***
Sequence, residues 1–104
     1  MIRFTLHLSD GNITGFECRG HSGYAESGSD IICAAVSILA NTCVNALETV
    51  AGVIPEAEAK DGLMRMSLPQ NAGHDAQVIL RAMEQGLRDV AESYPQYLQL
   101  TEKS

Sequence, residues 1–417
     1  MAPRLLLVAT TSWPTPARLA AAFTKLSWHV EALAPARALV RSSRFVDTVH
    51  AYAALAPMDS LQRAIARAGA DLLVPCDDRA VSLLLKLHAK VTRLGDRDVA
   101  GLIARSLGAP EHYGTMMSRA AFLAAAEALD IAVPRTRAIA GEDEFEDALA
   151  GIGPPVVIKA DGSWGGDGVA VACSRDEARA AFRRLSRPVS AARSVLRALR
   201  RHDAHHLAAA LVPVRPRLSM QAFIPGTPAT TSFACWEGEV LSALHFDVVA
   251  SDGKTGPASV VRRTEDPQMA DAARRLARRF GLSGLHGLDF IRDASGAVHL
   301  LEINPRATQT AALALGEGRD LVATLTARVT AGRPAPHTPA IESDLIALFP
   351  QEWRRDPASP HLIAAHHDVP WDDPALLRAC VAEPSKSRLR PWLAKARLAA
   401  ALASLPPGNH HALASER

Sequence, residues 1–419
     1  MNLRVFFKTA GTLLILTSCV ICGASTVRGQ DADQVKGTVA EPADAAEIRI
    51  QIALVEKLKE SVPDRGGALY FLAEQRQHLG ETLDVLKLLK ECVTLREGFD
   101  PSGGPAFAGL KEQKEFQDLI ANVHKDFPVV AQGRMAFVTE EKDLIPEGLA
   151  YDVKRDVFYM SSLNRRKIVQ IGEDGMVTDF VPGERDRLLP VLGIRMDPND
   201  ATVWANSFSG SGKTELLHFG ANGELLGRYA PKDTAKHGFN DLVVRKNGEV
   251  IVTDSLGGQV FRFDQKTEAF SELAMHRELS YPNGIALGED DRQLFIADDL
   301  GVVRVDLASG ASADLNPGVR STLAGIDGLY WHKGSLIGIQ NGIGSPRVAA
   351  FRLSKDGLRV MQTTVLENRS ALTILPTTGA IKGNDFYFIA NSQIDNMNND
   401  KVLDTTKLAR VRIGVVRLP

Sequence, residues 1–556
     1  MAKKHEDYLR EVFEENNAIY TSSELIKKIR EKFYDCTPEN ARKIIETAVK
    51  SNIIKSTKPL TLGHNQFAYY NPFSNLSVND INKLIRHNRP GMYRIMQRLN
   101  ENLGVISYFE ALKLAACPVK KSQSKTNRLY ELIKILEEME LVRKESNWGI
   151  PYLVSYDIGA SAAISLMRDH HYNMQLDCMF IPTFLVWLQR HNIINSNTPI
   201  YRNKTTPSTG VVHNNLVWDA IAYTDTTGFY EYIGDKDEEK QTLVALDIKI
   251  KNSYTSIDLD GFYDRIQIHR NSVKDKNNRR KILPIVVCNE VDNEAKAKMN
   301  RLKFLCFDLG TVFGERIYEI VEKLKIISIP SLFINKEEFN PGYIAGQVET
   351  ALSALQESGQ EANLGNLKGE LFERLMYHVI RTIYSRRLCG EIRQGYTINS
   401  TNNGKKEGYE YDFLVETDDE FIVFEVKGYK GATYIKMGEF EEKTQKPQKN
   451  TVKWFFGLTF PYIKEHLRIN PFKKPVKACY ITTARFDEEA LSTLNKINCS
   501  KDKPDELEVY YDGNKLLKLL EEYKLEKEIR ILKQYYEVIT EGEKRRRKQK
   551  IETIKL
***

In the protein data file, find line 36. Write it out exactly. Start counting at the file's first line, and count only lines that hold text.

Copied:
   501  KDKPDELEVY YDGNKLLKLL EEYKLEKEIR ILKQYYEVIT EGEKRRRKQK